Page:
- In 1955 Claude Lévi-Strauss (one of the founders of structuralism) published “A Structural Study of Myth” in Journal of American Folklore, and in 1960, Structural Anthropology. These works identified a constant conflict of binary oppositions, and their final reconciliation in myths (thesis, antithesis, and finally synthesis).
- In 1959, Joseph Campbell published the 4 volumes of The Masks of God, namely Primitive Mythology, Oriental Mythology, Occidental Mythology, and Creative Mythology. The work was a treatise on the evolution of human mythology, focusing more on anthropology and history, rather than psychology, as in The Hero With A Thousand Faces.
- In 1966 A. J. Greimas published Structural Semantics which proposed a system of 5 “actants”: the Hero, the Villain, the Object of the quest, the Helper of the hero, and the Sender (the one who initiates the quest).
- Also in 1966, a special issue of the journal Communications (Issue #8), featured 6 articles on Narratology by key contemporary academic structuralists, including Roland Barthes, Tzvetan Todorov, Umberto Eco, Gérard Genette, A. J. Greimas, and film theorist Christian Metz. Most of these articles take an Audience/Reader-based perspective rather than a working Writer’s, and due to their use of the often-obscure and impenetrable prose, and the highly academic and philosophical science of Semiotics, are not particularly useful to any working screenwriter or filmmaker.
- In 1969 Tzvetan Todorov published The Grammar Of The Decameron and coined the term “Narratology”. The Decameron (1353) by Giovanni Boccaccio, is a portmanteau story, encompassing 100 tales told by ten young people. Todorov’s structural analysis of the common elements in the stories within it included the 3 stages: Equilibrium; Agents of disruption who cause Disequilibrium; and finally: Harmony.
- In 1970, Roland Barthes published S/Z, a structuralist analysis of the short story Sarrasine, by Balzac. In it, Barthes identified 5 narrative codes: Enigma, Action, Semic, Symbolic, and Cultural.
- In 1972 Gérard Genette published Narrative Discourse: An Essay In Method in which he outlined 5 narrative modes: Order, Frequency, Duration, Voice and Mood.
- In 1979, Umberto Eco published a collection of essays, The Role of the Reader, which includes his analysis of the plot structure (the 9 common story beats) of all 14 of the James Bond novels.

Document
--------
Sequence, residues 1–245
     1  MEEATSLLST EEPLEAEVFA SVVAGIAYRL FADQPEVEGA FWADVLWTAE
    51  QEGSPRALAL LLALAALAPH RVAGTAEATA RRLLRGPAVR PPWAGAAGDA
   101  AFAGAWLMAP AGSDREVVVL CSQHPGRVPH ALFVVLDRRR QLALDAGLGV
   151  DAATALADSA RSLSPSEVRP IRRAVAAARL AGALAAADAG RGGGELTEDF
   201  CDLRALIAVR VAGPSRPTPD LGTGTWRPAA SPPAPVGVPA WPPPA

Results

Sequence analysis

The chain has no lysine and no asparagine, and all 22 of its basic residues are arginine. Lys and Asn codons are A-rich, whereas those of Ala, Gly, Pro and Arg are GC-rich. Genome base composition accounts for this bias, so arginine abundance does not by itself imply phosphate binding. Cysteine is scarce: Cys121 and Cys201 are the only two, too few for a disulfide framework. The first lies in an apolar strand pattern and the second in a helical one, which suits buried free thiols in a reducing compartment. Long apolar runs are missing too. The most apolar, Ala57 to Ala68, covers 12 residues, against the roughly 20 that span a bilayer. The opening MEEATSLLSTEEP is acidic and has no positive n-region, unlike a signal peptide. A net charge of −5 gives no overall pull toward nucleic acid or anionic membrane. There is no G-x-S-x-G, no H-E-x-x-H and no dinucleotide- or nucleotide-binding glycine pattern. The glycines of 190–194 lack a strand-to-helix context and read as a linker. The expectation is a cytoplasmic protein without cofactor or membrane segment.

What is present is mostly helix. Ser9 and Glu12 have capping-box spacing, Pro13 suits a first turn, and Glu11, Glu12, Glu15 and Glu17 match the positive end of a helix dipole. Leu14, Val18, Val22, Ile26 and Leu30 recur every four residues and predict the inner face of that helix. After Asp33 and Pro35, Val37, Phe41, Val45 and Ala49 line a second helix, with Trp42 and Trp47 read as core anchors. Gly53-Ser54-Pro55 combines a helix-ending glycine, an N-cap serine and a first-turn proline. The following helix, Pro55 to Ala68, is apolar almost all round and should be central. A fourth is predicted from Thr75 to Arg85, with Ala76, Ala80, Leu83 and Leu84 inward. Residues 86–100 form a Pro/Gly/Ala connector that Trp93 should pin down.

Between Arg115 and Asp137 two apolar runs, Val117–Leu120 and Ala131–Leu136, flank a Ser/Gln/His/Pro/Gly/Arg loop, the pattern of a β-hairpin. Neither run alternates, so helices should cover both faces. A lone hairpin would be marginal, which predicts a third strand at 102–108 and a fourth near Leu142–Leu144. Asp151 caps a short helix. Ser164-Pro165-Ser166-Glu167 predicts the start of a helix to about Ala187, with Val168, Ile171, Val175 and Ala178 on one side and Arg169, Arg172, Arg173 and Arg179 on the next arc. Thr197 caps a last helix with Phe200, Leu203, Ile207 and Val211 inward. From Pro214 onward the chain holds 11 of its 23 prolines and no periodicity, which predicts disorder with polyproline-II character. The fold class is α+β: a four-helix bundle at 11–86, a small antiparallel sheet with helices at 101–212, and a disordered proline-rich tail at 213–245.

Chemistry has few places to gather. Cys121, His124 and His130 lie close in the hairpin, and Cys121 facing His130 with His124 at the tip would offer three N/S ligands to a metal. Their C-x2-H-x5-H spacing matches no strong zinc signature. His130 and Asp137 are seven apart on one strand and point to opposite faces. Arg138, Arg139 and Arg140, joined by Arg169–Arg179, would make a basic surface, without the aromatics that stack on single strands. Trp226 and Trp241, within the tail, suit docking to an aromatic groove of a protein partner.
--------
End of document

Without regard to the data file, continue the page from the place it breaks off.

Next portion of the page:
- In 1995, Joseph Carroll published Evolution and Literary Theory where he outlined a theory of literature using Charles Darwin’s theory of evolution, and also integrating Evolutionary Psychology into the study of literature.
- In 2005, Christopher Booker published The Seven Basic Plots in which he finds all great stories are one of 7 plots, including structural story beats of each plot. (Although Dennis Dutton also criticizes aspects of this approach.)
- In 2009, Brian Boyd published On The Origin of Stories: Evolution, Cognition, and Fiction, in which he extended evocriticism using a study of Homer’s The Odyssey and Horton Hears a Who!, including a wider conception of Evolutionary Psychology (e.g. Geary), and integrating creativity (e.g. DK Simonton).
- In 2010, Boyd, Carroll and Gottschall edited Evolution, Literature and Film: A Reader which collects many of the best essays and articles that employ an evolutionary slant in explaining literature, including two chapters by eminent film theorist and film historian David Bordwell.
- In 2012, Jonathan Gottschall published The Storytelling Animal in which he extends consilience and evocriticism even further, offering evolutionary explanations of why we tell stories.
Addendum – Also in 2016, I published this book chapter:
High-RoI Story/Screenplay/Movie and Transmedia Researcher
The above is (mostly) an adapted excerpt, from my doctoral thesis: “Communication, Creativity and Consilience in Cinema”. It is presented here for the benefit of fellow screenwriting, filmmaking and creativity researchers. For more, see https://aftrs.academia.edu/JTVelikovsky
JT Velikovsky is also a produced feature film screenwriter and million-selling transmedia writer-director-producer. He has been a professional story analyst for major film studios, film funding organizations, and for the national writer’s guild. For more see: http://on-writering.blogspot.com/